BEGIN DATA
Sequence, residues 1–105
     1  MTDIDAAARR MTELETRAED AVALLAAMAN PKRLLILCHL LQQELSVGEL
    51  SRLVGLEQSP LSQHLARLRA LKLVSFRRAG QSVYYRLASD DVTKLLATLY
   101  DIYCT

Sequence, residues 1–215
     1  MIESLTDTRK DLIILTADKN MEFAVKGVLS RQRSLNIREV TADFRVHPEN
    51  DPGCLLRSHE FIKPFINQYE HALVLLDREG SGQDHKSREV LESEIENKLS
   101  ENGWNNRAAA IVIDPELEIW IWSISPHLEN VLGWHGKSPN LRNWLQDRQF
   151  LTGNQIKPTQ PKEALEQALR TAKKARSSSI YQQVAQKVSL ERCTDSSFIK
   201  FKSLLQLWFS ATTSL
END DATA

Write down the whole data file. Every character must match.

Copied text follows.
Sequence, residues 1–105
     1  MTDIDAAARR MTELETRAED AVALLAAMAN PKRLLILCHL LQQELSVGEL
    51  SRLVGLEQSP LSQHLARLRA LKLVSFRRAG QSVYYRLASD DVTKLLATLY
   101  DIYCT

Sequence, residues 1–215
     1  MIESLTDTRK DLIILTADKN MEFAVKGVLS RQRSLNIREV TADFRVHPEN
    51  DPGCLLRSHE FIKPFINQYE HALVLLDREG SGQDHKSREV LESEIENKLS
   101  ENGWNNRAAA IVIDPELEIW IWSISPHLEN VLGWHGKSPN LRNWLQDRQF
   151  LTGNQIKPTQ PKEALEQALR TAKKARSSSI YQQVAQKVSL ERCTDSSFIK
   201  FKSLLQLWFS ATTSL